because the eye-by looking at forbidden things - can be guilty of
adultery as much as the heart itself. Moreover, no Muslim man or
woman is allowed during prayers to touch the body of another person
of the opposite sex. If men and women stand side by side in prayer
they cannot avoid touching each other. Furthermore, when a woman
is praying in front of a man or beside him, it is very likely that
any part of her dressed body may become uncovered after a certain
motion of bowing or prostrating. The man's eye may happen to be
looking at the uncovered part, with the result that she will be
embarrassed and he will be exposed to distraction or possibly evil
thoughts. So, to avoid any embarrassment and distraction to help
concentrate on mediation and pure thoughts, to maintain harmony
and order among worshippers, to fulfill the true purposes of prayers,
Islam has ordained the organization of rows, whereby men stand in
front lines, and women behind the children. Anyone with some knowledge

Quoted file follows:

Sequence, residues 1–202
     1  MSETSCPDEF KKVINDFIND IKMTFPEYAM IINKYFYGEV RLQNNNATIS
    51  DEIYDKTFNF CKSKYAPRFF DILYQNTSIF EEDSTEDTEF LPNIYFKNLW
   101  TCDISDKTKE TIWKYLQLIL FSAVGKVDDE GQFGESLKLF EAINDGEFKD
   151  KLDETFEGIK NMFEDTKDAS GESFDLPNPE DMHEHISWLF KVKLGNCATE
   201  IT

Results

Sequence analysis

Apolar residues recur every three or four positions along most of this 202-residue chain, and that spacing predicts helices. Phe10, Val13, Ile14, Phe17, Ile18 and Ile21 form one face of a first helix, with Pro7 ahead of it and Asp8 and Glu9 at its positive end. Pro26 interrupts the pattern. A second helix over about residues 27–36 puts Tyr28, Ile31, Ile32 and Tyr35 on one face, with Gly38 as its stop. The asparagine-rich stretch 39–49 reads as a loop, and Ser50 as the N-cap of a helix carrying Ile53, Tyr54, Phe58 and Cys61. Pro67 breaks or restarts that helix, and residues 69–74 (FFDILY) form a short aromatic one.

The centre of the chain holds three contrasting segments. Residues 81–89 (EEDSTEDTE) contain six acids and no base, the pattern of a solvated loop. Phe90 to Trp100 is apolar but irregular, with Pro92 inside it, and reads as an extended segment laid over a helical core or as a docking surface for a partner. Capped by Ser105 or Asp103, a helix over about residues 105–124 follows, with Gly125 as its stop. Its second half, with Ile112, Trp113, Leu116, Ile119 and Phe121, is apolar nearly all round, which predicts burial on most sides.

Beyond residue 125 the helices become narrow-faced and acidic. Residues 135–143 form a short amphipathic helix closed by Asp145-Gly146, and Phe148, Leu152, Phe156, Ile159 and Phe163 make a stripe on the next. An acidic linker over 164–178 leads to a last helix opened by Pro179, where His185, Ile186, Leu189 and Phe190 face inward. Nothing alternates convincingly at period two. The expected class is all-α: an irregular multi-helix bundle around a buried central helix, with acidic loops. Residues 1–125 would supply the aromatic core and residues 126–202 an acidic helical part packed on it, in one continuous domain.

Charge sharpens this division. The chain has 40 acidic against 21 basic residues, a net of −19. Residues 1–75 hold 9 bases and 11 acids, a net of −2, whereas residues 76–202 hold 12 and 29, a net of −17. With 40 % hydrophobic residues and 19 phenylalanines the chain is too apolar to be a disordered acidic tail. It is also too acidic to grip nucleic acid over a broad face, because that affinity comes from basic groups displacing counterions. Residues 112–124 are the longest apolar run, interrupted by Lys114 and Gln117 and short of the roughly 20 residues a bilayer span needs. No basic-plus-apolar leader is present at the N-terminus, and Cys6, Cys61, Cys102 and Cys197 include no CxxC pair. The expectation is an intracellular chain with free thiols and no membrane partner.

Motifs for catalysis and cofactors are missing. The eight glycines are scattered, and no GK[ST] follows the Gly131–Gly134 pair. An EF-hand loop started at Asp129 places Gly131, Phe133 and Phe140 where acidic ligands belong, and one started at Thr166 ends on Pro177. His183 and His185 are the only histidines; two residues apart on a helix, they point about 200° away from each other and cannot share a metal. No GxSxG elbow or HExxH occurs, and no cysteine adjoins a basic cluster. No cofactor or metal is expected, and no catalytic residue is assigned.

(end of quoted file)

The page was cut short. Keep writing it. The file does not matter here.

of the nature and purpose of Muslim prayers can readily understand
the wisdom of organizing the lines of worshippers in this manner.

The Muslim woman is always associated with an old tradition known
as the "veil". It is Islamic that the woman should beautify herself
with the veil of honor, dignity, chastity, purity and integrity.
She should refrain from all deeds and gestures that might stir the
passions of people other than her legitimate husband or cause evil
suspicion of her morality. She is warned not to display her charms
or expose her physical attractions before strangers. The veil which
she must put on is one that can save her soul from weakness, her
mind from indulgence, her eyes from lustful looks, and her personality
from demoralization. Islam is most concerned with the integrity
of woman, with the safeguarding of her morals and morale and with
the protection of her character and personality (cf. Qur'an, 24:30-31).